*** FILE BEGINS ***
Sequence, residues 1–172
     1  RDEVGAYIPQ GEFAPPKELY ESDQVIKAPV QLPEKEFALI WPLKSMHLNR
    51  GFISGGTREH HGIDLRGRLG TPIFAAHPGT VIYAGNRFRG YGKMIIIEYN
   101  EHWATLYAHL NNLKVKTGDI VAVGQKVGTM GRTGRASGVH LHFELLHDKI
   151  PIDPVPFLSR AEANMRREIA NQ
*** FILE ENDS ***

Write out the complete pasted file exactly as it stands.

Sequence, residues 1–172
     1  RDEVGAYIPQ GEFAPPKELY ESDQVIKAPV QLPEKEFALI WPLKSMHLNR
    51  GFISGGTREH HGIDLRGRLG TPIFAAHPGT VIYAGNRFRG YGKMIIIEYN
   101  EHWATLYAHL NNLKVKTGDI VAVGQKVGTM GRTGRASGVH LHFELLHDKI
   151  PIDPVPFLSR AEANMRREIA NQ